Oct. 16, 2015
For Immediate Release
By Jordan Snider and Josh Christian, student news writers
CAMPBELLSVILLE, Ky. – Dr. Frank Page, the president and chief executive officer of the executive committee of the Southern Baptist Convention, spoke about the importance of evangelism and missions at the Baptist Heritage Lecture Series in the Banquet Hall of the Badgett Academic Support Center recently.
At chapel, the next day, he spoke about the suicide of his daughter, Melissa.
|Dr. Frank Page speaks on missions and his daughter’s suicide at Campbellsville
University Baptist Heritage Lecture Series and chapel. (Campbellsville University
Photo by Jordan Snider)
“Missions is crossing barriers and meeting people at their point of need,” Page said at the Baptist Heritage and Lecture Series.
Page used many examples of how we are to evangelize and how we should act on the mission field. Page said Jesus is the best example of evangelism, especially during his encounter with the women at the well (John 4). During that time men were not supposed to speak to women but Jesus did and explained the gospel to her in a way she was able to understand.
“How do you evangelize in different cultures in America? It’s all about perception. You have to get people out of the walls of the church and into the community,” Page said.
Page was the pastor of a church in Greenville County, S.C. and shared with the students and faculty a few ways that he and the church congregation got out of the walls of the church and started evangelizing in the community.
“We started the single mother oil change, where 200 women and their children would come to have their cars worked on for free. We would have people ministering to them while the work was being done. We also started a six day a week free clinic that included dental work, a pharmacy and medical center,” he said.
During a question and answer session, Page was asked “What made you aware of needing to meet the spiritual needs of people through missions?”
“I first realized that on a mission trip to Mexico and since then I have learned more and more about meeting the needs of people and sharing the gospel with them where they are at,” Page said.
Another student asked, “What are the first steps a small church should take when trying to reach out to people?”
“As a small church you need to discern the needs of the people in the community you are trying to reach out to. You have to start small, maybe ministering to just a few families at a time and let it grow,” he said.
“I stand here, as a pastor, to tell you we need to be like Jesus when we minister to people. If you meet people where they’re at they will come to you and listen,” Page said.
Dr. John Hurtgen, dean of the School of Theology, welcomed the students and faculty. Dr. Twyla Hernandez, the assistant professor of Christian missions, introduced Page and closed in prayer.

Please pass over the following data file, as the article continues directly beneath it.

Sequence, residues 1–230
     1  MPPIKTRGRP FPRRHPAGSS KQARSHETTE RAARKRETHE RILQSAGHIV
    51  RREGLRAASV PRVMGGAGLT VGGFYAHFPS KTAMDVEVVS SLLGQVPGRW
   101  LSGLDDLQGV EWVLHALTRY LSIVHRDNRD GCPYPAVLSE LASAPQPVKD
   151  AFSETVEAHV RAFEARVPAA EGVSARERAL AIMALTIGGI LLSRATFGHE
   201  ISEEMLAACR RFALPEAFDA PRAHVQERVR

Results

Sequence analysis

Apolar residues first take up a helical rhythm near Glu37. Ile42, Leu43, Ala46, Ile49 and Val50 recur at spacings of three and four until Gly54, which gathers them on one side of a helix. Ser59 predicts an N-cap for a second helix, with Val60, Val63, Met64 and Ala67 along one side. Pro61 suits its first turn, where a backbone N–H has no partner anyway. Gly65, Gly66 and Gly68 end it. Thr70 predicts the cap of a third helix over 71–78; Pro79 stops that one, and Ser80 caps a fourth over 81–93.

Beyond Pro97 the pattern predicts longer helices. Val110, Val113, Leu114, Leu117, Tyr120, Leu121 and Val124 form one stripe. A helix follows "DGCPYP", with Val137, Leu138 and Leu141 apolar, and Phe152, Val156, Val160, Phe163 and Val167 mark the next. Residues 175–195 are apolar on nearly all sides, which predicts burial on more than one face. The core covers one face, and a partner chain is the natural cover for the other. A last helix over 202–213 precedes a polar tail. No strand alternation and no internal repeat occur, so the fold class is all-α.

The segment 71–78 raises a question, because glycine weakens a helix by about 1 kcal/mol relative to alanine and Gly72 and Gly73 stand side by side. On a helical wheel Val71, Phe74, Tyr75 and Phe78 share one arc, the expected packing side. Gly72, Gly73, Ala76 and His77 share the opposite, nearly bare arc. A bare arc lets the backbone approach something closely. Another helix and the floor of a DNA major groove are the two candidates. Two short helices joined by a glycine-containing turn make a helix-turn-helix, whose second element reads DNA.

At chapel, Page told the story of his daughter’s suicide and living with suicide.
“It was about 10 a.m. the day after Thanksgiving (in 2009) when I got up to work in our yard. I was there by myself when I received a cryptic call from my daughter,” Page said.
Page told about the scene as he approached his daughter’s house. Emergency units were already there and quickly pointed him to the hospital.
“This began the story of being left behind,” Page said.
“I did the only thing I knew to do… I began to cry out to the Lord,” Page said.
Referencing the book of Job from the Old Testament of the Holy Bible, Page read, “The Lord giveth and taketh away, blessed be the name of the Lord,” (Job 1:24).
“Jesus knew trouble comes to everyone,” Page said, “I have to tell you, you will go through trouble and experience all kinds of struggles.”
“God is preparing a place for you in Heaven, but He wants to have a relationship with you now.”
Page also talked about the matter of suicide as a whole.
“Suicide is an epidemic in our culture. It is the number three cause of death in your age group,” Page said to the students who were attending. “They don’t talk about it in Germany and other cultures but they are killing themselves at a higher rate.”
“There may be someone in here, today, considering it,” Page said.
“I can tell you as the father of a daughter who has committed suicide that the Lord has never left me,” Page said, “He is our only source of help.”
Page continues traveling the country to bring about suicide awareness.
Campbellsville University is a widely acclaimed Kentucky-based Christian university with more than 3,500 students offering over 80 programs of study including 24 master’s degrees, seven postgraduate areas and eight pre-professional programs. The website for complete information is campbellsville.edu.
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Posted on Fri, October 16, 2015
by Joan McKinney